In the previous post we reviewed the contrast indications for CT of the abdomen and CT of the abdomen and pelvis. Most CT scans are performed with contrast, while a few CT scans are best performed without contrast. In this post I will describe those clinical circumstances in which multi-phase studies (dual and triple scans) are indicated.
Solid organ lesions are often discovered as incidental findings when performing another imaging study. For example, a CT chest for lung cancer screening, which will view the top of the kidneys and liver., may show an incidental lesion. Other times an ultrasound of the abdomen, performed for suspected cholecystitis, will find an unexpected lesion in the kidney or liver. The incidental solid organ lesion will then require additional imaging to characterize it as either benign or malignant. Contrast is important in many of these evaluations to make the correct diagnosis, but the imaging study requested is often multiple phasic contrast study and must be very specific.
When a mass or lesion is discovered in an abdominal organ (kidney, liver, pancreas or spleen) by a chest CT, a repeat CT dedicated to the abdomen is indicated. The most common follow up scan will be a CT abdomen without and with contrast (74170). If these scans cannot differentiate between a benign lesion or a malignant one, an MRI abdomen may be indicated. Alternatively, if the lesion’s suspicion for malignancy is low, follow up CT scan in a few months is another option.
Dual abdominal CT scans (without and with contrast – 74170) are also helpful to diagnose gall bladder polyps, pancreatic pseudocysts, pancreatitis, evaluation of jaundice, and in patients with cirrhosis and portal hypertension when considering surgical or radiological interventions.
Occasionally an abdominal mass cannot easily be diagnosed with a dual contrast CT, and additional imaging views are required. One such study is called a triple phase CT abdomen with washout. Delayed views are obtained and the percent of contrast washed out is calculated. This is also a key imaging study in the evaluation of adrenal cortical lesions that are not considered benign by density calculation on a non-contrast CT abdomen.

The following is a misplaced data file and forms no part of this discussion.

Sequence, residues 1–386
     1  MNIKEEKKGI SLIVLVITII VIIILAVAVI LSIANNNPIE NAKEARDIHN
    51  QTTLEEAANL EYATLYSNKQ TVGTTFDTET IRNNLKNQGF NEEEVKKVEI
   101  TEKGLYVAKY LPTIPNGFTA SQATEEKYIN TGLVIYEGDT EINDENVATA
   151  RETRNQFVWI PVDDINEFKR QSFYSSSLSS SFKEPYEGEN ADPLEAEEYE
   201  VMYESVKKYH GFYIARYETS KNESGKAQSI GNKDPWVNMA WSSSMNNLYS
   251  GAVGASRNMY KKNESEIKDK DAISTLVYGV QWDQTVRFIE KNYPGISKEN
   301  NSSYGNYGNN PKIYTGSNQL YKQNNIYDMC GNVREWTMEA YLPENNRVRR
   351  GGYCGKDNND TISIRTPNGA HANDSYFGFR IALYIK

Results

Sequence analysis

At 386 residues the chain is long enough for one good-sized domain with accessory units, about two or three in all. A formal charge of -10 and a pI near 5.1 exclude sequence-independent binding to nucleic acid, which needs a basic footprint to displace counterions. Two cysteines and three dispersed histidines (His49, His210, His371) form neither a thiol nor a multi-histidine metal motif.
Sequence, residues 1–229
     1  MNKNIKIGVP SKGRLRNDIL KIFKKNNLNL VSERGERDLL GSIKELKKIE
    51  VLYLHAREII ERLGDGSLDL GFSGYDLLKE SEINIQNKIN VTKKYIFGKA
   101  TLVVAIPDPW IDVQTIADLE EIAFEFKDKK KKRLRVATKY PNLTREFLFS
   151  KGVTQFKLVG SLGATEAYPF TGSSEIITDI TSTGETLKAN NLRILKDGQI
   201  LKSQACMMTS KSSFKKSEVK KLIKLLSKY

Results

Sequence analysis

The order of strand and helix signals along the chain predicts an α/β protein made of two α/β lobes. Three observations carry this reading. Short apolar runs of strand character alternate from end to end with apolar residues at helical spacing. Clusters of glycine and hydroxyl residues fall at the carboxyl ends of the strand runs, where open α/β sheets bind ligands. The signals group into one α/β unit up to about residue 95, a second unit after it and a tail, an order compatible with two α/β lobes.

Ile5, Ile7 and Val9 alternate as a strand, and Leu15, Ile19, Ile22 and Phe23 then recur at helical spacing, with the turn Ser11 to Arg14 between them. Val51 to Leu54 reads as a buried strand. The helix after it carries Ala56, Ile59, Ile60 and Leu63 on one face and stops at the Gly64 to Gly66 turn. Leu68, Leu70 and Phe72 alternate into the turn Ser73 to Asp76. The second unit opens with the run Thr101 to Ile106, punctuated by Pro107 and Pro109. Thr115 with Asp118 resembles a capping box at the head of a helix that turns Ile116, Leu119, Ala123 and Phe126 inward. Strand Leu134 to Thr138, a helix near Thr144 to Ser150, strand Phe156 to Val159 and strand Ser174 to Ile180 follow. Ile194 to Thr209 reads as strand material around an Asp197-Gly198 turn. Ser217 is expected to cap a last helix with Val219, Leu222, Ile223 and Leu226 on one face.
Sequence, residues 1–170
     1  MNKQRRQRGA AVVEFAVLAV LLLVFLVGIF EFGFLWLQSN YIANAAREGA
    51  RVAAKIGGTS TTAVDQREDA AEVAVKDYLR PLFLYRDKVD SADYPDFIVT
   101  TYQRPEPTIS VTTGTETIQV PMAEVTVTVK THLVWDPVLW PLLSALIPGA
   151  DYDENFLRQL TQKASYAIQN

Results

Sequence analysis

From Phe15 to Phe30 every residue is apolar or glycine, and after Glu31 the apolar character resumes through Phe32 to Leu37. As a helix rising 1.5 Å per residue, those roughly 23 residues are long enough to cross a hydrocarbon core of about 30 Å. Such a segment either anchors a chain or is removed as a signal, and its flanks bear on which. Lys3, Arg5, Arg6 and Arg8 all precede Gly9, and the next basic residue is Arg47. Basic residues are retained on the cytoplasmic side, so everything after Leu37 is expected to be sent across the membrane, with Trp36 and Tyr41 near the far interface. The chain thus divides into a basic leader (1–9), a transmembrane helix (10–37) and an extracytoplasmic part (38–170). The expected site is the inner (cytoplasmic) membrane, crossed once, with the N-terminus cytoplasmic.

Some liver lesions are not readily diagnosed with a simple CT with contrast (74160) or dual study (CT without and with contrast 74170) and additional imaging is required. Liver lesions, for example, may require a multi-phase CT scan using
• 1st Non-contrast phase
• then Arterial phase
• then Portal venous phase
• finally a Delayed washout phase
Despite the 4 imaging views, CTs abdomen with multi-phase views are still coded as a dual study CT (74178)
Liver hemangiomas usually demonstrate specific fat and calcium content seen on CT abdomen without and with contrast. If classic features of hemangioma are not seen, delayed views with washout may be required to confirm the diagnosis. Suspected focal nodular hyperplasia is another of a liver finding that may require delayed multiphase contrast CT scan.
Patients with hematuria may require a high-radiation, high-contrast imaging study called a CT Urogram. This begins with CT abdomen and pelvis without contrast, followed by a post injection phase (also called the nephrogram phase). A third early wash-out phase is then used to demonstrate filling of the proximal collecting system, and a delayed washout phase to exclude obstruction. The final phase of this study is to follow the contrast into the filled bladder and distal ureters. At the discreation of the radiologist, additional thin slices can be requested to enhance visualization of the kidneys and the renal lesion. Regardless of how many phases are imaged and how many thin sections are viewed, the CPT code is usually the same for dual and triple studies – 74170 for CT abdomen and 74178 for CT abdomen and pelvis.
Lesson #20: When a lesion is discovered in an abdominal organ, additional imaging is usually required to determine the nature of the lesion. Although this often requires only a CT dual study (without and with contrast 74160 for abdomen and 74178 for abdomen plus pelvis) but occasionally a multiple contrast study with additional washout views are required. Consulting with a radiologist to communicate your suspicions, and referring to established guidelines will enable you to request the best CT imaging study for your patient. This not only will minimize over-radiation and follow evidence-based specialty guidelines but will allow you to obtain quick approval for the requested imaging study and avoid peer-to-peer calls.